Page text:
I'm just going to guess he had little idea at the start of the series, I mean you don't really entrust such information to an eleven year old. That said he must have noted that some people acted funny around his father. I'm going to say that once he knew about Death Eaters he would have connected the dots, but the wizarding youth don't seem to know much. Also, even if he did know about Death Eaters, he may not have thought his father had been one. The other possibility is that Draco knew his father was a Death Eater but didn't know really know what that meant.

He probably knew by The Goblet of Fire. That said he might not even have known when they were torturing Muggles. I mean his father would have expressed his hatred towards Muggles before then, so it's not altogether unlikely Draco didn't think much of it.

I can't imagine Lucius sitting Draco down and saying, "It's time you know that, not long before you were born, I was a Death Eater." I mean it's not the sort of thing you can just tell someone especially if you had no reason to. Is it possible he figured it out himself or someone else tipped him off? Maybe Moody (or really Crouch Jr., I guess)?

  • Considering there's a tattoo on Lucius that's a dead giveaway, it's entirely plausible that Draco saw the tattoo at an early age and knew his father was a Death Eater. – user31178 Feb 18 '15 at 6:49
  • 1
    I don't think Draco would have ever seen the tattoo. Upper class family have far less personal relation ships with each other, I just don't think Draco would ever have seen his fathers bare arms. I know it's seems a little odd, but the upper class act formal even with family. – Corvid Feb 18 '15 at 6:56
  • I don't think he would have really kept it a secret. I think Draco even would have know something already at the age of eleven. – Don_Biglia Feb 18 '15 at 7:43
  • and risk Draco saying something to someone he shouldn't? – Corvid Feb 18 '15 at 7:53
  • Or tell him and make sure he tells no one. I'm sure Lucius would have managed to keep Draco quiet.And as far as we know from the books, Lucius being a death eater is a "public secret". (Literally translated from Dutch, don't know if it's something similar in English. It just means everyone knows, but nobody speaks about it) – Don_Biglia Feb 18 '15 at 8:51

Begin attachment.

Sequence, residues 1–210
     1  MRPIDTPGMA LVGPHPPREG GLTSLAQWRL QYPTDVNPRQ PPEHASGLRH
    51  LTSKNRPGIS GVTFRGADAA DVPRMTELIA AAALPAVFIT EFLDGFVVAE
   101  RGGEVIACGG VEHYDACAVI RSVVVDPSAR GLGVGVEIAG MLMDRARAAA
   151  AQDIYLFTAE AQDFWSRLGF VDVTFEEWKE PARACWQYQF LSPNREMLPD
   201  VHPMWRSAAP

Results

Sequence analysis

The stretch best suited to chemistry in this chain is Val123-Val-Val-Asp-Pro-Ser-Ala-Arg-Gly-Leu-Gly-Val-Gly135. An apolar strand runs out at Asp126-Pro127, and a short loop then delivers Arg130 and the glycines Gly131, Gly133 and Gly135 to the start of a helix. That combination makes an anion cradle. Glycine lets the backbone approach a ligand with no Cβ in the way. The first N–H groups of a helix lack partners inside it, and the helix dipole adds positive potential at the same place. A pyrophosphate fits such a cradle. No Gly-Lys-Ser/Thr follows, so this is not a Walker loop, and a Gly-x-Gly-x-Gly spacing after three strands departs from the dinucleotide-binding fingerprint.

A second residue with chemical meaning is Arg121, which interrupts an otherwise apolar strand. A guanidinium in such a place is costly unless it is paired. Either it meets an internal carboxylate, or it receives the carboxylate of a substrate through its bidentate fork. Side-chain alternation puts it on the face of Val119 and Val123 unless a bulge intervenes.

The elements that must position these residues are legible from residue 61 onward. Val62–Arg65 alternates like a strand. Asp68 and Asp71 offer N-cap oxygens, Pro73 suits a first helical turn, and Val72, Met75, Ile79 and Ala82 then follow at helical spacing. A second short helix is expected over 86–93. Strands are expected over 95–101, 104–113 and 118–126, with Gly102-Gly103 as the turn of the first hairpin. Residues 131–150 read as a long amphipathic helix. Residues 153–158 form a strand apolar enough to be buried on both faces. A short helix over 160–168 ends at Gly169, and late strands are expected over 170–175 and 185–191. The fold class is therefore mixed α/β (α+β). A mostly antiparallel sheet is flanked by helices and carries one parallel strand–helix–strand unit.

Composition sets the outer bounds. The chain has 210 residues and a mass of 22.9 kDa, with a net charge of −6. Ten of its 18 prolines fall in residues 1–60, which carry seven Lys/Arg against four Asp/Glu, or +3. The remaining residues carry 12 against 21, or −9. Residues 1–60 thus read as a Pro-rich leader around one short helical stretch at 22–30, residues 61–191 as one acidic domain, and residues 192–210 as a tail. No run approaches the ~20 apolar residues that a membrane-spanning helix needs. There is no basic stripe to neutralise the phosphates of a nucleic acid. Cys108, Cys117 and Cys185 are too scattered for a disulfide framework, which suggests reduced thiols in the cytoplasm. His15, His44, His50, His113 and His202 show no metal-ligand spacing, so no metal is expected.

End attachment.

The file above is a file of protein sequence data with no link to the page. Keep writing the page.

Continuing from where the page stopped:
No canon info, as far as I'm aware. I'm inclined to believe it was one of those things that Draco just slowly came to understand. After all, Lucius was definitely accused of being a Death Eater, and (at least by the time Draco is attending Hogwarts) he's comfortable spouting his classist and racist opinions in the open.

Draco, by the age of eleven, feels comfortable discussing with Harry (a boy he's just met) how he doesn't think they should let in Muggle-borns and by the second book he's shouting Mudblood in view of witnesses. From this we can gather than Lucius was giving these opinions freely at home. It just so happened that these opinions lined up with Voldemort's.

Consider his dealing with the Chamber Of Secrets. He admits to Draco that it was opened before, but doesn't tell him details for fear of looking suspicious, nor does he tell Draco about his involvement. If this was his general attitude it's quite likely that he neither officially confirmed nor denied to Draco his Death Eater past, at least until the later books. A smirk, a wink perhaps, nothing more.

Of note - in the fourth book Draco's awfully calm about the attack. He knows they're after Muggles and doesn't seem the slightest bit scared. This seems to point to two explanations - he knew his Dad was behind it, or he was so secure in his knowledge of Death Eater attacks and his own pure-blood status, that he knew he wasn't getting hurt. Both indicate to me at least a passing knowledge of his Dad's probable connections to the group.